Two kinds of approach are particularly important in generating emotional responses without action. The first is the tendency, especially prevalent in television, of zooming in on the horror or the killing to such an extent that any political analysis is out of the frame. The second has been dubbed the 'victimological approach' - identifying victims and quantifying their victimhood as a means of apportioning blame and guilt.
Bosnians, we can all agree, have been the biggest victims of the war, and Serbs the most guilty party. Croats were victims in 1991 when they were ethnically cleansed from occupied areas of Croatia, but then they became aggressors in Bosnia and, most recently, completed a full cycle on the victimological wheel of fortune when they re-took the Krajina region by force.
Croatia's 'Operation Storm', completed in just over three days, has probably done more to confuse public opinion here than anything else. The 'Serbs as victims' story had such novelty-value for our media that we were able to follow hour by hour the flight of 150,000 Croatian Serbs from their ancestral homelands into Serb-occupied Bosnian territory and ultimately to Serbia. We were told this was the biggest population movement of the war - because nobody now remembers the brutal cleansing of half a million Bosnians in 1992 - and that it was a humanitarian catastrophe despite the fact that the Krajina Serbs fled in cars, with possessions, and without any systematic campaign of rape, torture or killing waged against them.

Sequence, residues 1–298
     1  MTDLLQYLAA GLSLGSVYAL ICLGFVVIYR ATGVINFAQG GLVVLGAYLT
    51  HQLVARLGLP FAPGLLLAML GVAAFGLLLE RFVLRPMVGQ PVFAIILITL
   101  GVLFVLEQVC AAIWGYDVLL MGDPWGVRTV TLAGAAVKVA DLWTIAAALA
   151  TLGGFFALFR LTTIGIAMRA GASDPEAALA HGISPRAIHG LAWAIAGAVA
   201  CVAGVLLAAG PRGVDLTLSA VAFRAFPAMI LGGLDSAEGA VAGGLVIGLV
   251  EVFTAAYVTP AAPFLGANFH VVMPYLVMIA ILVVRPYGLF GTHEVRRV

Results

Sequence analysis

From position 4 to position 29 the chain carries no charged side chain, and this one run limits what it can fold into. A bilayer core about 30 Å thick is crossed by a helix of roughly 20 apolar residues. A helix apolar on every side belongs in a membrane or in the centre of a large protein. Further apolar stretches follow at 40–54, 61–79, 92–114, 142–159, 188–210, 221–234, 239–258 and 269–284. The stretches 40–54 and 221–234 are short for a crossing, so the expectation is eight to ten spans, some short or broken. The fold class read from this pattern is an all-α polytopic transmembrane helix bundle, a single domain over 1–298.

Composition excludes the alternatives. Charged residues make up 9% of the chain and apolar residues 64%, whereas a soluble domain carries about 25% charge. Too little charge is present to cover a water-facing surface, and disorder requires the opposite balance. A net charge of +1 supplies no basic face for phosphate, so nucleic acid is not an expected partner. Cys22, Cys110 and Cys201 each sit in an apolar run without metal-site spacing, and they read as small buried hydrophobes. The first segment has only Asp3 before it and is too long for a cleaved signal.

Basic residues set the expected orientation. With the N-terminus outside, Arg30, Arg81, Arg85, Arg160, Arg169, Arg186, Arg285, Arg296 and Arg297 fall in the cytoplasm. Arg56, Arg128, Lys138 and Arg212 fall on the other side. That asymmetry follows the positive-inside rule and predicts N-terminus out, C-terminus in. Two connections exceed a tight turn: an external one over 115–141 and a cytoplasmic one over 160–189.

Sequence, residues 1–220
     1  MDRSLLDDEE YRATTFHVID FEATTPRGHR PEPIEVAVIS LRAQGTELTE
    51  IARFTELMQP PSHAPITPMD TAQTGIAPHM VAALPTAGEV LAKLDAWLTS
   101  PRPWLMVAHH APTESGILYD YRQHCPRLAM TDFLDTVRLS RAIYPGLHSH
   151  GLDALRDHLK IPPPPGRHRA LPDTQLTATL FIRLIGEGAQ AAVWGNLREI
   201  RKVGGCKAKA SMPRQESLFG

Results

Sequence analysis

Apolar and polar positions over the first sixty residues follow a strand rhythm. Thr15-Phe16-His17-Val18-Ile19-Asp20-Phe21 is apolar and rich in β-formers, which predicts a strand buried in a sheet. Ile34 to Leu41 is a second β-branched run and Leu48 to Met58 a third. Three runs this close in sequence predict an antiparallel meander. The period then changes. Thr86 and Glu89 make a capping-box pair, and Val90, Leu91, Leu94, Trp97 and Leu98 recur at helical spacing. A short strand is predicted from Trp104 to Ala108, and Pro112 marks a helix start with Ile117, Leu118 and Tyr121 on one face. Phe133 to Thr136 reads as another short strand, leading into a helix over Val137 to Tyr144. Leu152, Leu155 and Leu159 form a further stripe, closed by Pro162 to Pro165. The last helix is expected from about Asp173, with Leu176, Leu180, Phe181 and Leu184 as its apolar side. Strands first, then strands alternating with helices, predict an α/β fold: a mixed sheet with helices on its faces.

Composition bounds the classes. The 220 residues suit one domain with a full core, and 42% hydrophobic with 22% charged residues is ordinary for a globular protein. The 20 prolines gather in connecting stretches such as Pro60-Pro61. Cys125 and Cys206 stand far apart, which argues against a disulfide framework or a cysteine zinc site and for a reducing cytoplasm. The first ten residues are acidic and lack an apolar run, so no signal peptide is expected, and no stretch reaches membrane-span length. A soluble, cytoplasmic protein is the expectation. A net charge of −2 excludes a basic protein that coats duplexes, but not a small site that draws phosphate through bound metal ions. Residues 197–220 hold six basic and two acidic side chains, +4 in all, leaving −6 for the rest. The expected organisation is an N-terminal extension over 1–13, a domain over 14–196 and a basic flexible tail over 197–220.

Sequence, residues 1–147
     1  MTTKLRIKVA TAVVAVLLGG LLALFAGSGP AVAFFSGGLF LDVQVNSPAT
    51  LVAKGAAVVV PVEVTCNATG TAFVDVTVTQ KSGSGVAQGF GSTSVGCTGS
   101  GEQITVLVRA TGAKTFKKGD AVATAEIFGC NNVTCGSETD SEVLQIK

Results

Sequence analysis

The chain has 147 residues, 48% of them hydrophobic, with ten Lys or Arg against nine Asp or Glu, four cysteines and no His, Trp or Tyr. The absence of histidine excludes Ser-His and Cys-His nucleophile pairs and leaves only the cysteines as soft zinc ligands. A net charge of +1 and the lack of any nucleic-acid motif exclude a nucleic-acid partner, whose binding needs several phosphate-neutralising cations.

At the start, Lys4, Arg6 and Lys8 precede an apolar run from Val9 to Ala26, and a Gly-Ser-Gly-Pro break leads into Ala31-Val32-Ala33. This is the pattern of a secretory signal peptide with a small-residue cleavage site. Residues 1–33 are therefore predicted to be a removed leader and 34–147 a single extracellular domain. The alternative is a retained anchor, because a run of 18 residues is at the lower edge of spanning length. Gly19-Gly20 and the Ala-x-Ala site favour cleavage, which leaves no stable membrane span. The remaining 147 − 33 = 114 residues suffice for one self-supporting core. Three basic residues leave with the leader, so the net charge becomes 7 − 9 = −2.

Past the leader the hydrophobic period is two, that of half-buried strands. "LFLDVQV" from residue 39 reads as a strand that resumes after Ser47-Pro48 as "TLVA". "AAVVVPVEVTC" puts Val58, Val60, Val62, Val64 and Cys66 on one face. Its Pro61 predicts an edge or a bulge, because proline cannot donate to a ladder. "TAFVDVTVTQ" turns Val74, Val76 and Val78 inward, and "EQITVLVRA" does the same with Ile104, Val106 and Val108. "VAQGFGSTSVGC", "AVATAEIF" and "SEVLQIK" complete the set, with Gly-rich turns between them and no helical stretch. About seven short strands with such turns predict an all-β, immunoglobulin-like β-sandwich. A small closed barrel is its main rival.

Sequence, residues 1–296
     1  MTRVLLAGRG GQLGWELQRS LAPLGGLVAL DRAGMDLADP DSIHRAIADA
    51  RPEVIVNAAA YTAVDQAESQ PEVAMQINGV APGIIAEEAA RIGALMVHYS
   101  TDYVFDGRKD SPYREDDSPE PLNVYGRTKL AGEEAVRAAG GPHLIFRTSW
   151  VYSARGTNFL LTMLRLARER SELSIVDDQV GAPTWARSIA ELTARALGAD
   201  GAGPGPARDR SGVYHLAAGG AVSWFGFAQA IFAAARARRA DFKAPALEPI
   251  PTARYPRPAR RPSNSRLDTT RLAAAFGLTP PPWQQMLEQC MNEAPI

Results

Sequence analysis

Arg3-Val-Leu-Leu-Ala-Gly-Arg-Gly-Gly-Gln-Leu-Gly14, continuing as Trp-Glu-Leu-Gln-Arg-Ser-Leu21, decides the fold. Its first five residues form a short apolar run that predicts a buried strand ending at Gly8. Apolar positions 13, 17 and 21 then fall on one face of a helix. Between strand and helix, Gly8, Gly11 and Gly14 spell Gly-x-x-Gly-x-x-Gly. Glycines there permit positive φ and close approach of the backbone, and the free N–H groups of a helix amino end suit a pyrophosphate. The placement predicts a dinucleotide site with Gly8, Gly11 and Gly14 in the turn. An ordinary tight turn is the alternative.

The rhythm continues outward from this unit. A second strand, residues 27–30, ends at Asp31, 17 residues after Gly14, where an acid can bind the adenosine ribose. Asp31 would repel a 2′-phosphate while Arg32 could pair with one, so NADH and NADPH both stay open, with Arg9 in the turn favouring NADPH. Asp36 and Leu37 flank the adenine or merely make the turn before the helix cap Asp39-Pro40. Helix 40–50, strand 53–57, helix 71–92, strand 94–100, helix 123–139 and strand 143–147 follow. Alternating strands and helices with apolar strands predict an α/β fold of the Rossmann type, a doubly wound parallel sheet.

However distasteful the increasingly dictatorial regime of Franjo Tudjman may be, the fact remains that Croatia sought a peaceful re-integration of the Krajina, offering substantial autonomy, for four years. The Krajina leadership held out, hoping for Belgrade to intervene. At the point when it became clear they would lose militarily, Krajina Serbs were ordered to flee by their leaders in Knin. It is to be hoped that as many Krajina Serbs as possible can be persuaded to return to Croatia, and in this respect American and German pressure on Zagreb could play a key role in assuaging the justified fears of Krajina Serb civilians. In many ways Croatia (heading for a monocultural backwater) needs them more than they need Croatia.